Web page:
The term Doppler effect is defined as the change (increase or decrease) in the frequency of a wave as the source and the observer move (towards or away from) each other relative to the medium, whereas the term Doppler shift refers to the movement of the source or observer concerning the medium.

Applications of the Doppler Effect

Doppler Effect has various applications some of which are discussed below:

  • The Doppler effect helps in measuring the speed of oncoming vehicles.
  • It is also often used in robotics for dynamic real-time path planning.
  • It is used in astronomy to estimate the speed at which a star or a galaxy is approaching or receding from us.
  • It is also used in radar to calculate the speed of detected objects.
  • It is also used in satellite communication and satellite navigation.
  • In the medical field, it is used to measure the velocity of the blood.

Solved Examples on Doppler Effect and Doppler Shift

Example 1: Two vehicles A and B are moving toward each other at a speed of 80 m/s. If one of the vehicles honks with a frequency of 250 Hz, then what will be the frequency of the honk observed by the passenger sitting inside vehicle A? (The velocity of sound in air is 343 m/s).

Solution: 

Given data:

The velocity of vehicles A and B are 80m/s, i.e.,

vr = vs = 80 m/s

Emitted frequency (f0) = 250 Hz

As the observer and the source are moving toward each other, the apparent frequency (f) is given as follows:

f = [(c + vr)/ (c – vs)] f0

f = [(343 + 80)/ (343 – 80)] × 250

= (423/263) × 250

f = 402.0912 Hz ≈ 402 Hz

Hence, the apparent frequency (f) is approximately equal to 402 Hz.

Example 2: A man is standing at the railway crossing, and the frequency of the whistle emitted by the train is 1.05 kHz. What will be the apparent frequency heard by the man as the train approaches him at a speed of 360 km/h? (The velocity of sound in air is 343 m/s).

Solution: 

Given data:

Speed of the train (vs) = 360 km/h = 100 m/s

vr = 0

The velocity of sound in air (c) = 343 m/s

Emitted frequency (f0) = 1.05 kHz

Here, the source is moving toward the observer at rest. So, the apparent frequency (f) is given as follows:

f = f0

= [343/ (343 − 100)] × 1.05

= (343/243) × 1.05

= 1.48 kHz

Hence, the apparent frequency (f) is 1.48 kHz.

Example 3: A traffic policeman who was standing on a road whistled at a frequency of 480 Hz. What will be the apparent frequency heard by the car driver who is approaching the policeman at a speed of 90 km/h? (The velocity of sound in air is 343 m/s).

Solution: 

Given data:

The velocity of sound in air (c) = 343 m/s

Speed of the car (vr) = 90 km/h = 25 m/s

vs = 0

Emitted frequency (f0) = 480 Hz

Here, the observer is moving toward the source at rest. So, the apparent frequency (f) is given as follows:

f = [(c + vr)/c] f0

= [(343 + 25)/ 343] × 480

= (368/343) × 480

f = 514.985 Hz ≈ 515 Hz

Hence, the apparent frequency (f) is approximately equal to 515 Hz.

Example 4: Two trains A and B are moving away from other at a speed of 540 km/h. If the frequency of the whistle emitted by train B is 1.65 kHz, then what will be the apparent frequency of the whistle heard by the passenger sitting inside train A? (The velocity of sound in air is 343 m/s).

Solution:

Given data:

The velocity of sound in air (c) = 343 m/s

The velocity of trains A and B is 540 km/h, i.e., 

vs = vr = 540 km/h = 150 m/s

Emitted frequency (f0) = 1.65 kHz = 1650 Hz

As the observer and the source are moving away from each other, the apparent frequency (f) is given as follows:

f = [(c – vr)/ (c + vs)] f0

= [(343 – 150)/ (343 + 150)] ×1650

= (193/493) ×1650

= 645.943 ≈ 646 Hz

Hence, the apparent frequency (f) is approximately equal to 646 Hz.

Example 5: A traffic policeman who was standing on a road whistled at a frequency of 550 Hz. What will be the apparent frequency heard by the person driving a motorbike who is moving away from the policeman at a speed of 72 km/h? (The velocity of sound in air is 343 m/s).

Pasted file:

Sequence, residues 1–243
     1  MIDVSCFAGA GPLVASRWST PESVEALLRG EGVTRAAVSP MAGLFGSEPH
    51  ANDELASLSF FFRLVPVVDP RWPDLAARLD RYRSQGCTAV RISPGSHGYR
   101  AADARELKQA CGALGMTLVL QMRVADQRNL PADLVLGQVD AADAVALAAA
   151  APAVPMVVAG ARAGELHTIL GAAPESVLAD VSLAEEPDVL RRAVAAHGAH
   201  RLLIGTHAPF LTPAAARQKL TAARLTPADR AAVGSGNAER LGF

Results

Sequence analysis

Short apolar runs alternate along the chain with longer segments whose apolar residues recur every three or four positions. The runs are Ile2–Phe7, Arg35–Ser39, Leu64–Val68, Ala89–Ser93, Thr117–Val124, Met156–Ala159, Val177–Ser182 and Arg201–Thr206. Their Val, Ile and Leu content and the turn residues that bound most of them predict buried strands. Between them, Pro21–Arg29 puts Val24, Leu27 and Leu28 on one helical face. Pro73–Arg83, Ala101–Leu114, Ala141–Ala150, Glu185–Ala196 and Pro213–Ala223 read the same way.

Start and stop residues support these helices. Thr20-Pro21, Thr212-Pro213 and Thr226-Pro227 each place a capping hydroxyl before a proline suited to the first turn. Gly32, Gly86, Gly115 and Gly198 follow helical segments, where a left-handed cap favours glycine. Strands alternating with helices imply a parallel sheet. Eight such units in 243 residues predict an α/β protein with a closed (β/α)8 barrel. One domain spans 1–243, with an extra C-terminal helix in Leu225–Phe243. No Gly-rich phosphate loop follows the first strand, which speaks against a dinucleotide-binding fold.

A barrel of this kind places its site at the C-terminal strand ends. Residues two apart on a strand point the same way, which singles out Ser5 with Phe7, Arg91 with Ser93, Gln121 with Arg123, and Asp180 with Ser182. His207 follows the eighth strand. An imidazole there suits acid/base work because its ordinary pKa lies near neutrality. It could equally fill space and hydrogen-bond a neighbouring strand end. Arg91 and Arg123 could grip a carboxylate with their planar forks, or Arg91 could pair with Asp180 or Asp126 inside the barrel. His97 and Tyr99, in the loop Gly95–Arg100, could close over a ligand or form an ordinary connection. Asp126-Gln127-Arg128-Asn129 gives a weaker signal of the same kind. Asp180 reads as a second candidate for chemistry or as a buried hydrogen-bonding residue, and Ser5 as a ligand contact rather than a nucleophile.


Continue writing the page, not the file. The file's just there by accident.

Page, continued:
Solution:

Given data:

The velocity of sound in air (c) = 343 m/s

Speed of the motorbike (vr) =72 km/h = 20 m/s

vs = 0

Emitted frequency (f0) = 550 Hz

Here, the observer is moving away from the source at rest. So, the apparent frequency (f) is given as follows:

f = [(c − vr)/c] f0

= [(343 − 20)/ 343] × 550

= (323/343) × 550

f = 517.930 Hz ≈ 518 Hz

Hence, the apparent frequency (f) is approximately equal to 518 Hz.

FAQs on Doppler Effect and Doppler Shift

Question 1: Does the Doppler effect apply to all waves?

Answer: 

Yes, the Doppler effect applies to all types of waves, like a sound wave that is a longitudinal wave or a light wave that is a transverse wave.

Question 2: What is meant by the Doppler effect?

Answer: 

The Doppler effect or Doppler shift is a change (increase or decrease) in the frequency of a wave as the source and the observer move (towards or away from) each other relative to the medium.

Question 3: What is the Doppler shift or Doppler effect formula?

Answer: 

When the speed of the source and receiver is slower than the velocity of the waves in the medium, the relationship between the observed frequency (f) and the emitted frequency (f0) is described by the Doppler shift or Doppler effect formula.

f = [(c ± vr)/ (c ± vs)] f0

where,
c” is the velocity of waves in the medium,
vr” is the velocity of the receiver relative to the medium (if the receiver is moving towards the source, then “vr” is added to c, or if the receiver is moving away from the source, then “vr” is subtracted from c.)
vs” is the velocity of the source relative to the medium (if the source is moving away from the receiver, then “vs” is added to c, or if the source is moving towards the receiver, then “vs” is subtracted from c.) 
f” is the observed frequency, and
f0” is the emitted frequency.

Question 4: Mention a few applications of the Doppler effect.

Answer: 

The Doppler effect helps in measuring the speed of the motor car. It is also often used in robotics for dynamic real-time path planning. It is used in astronomy to estimate the speed at which a star or a galaxy is approaching or receding from us. In the medical field, it is used to measure the velocity of the blood.

Question 5: What is the formula to find the apparent frequency when the observer is moving away from the source at rest?

Answer:

If the observer is moving away from the source at rest (vs = 0), then the equation for apparent frequency is given as follows:

f = [(c − vr)/c] f0

where,
c” is the velocity of waves in the medium,
vr” is the velocity of the receiver,
f” is the observed frequency, and
f0” is the emitted frequency.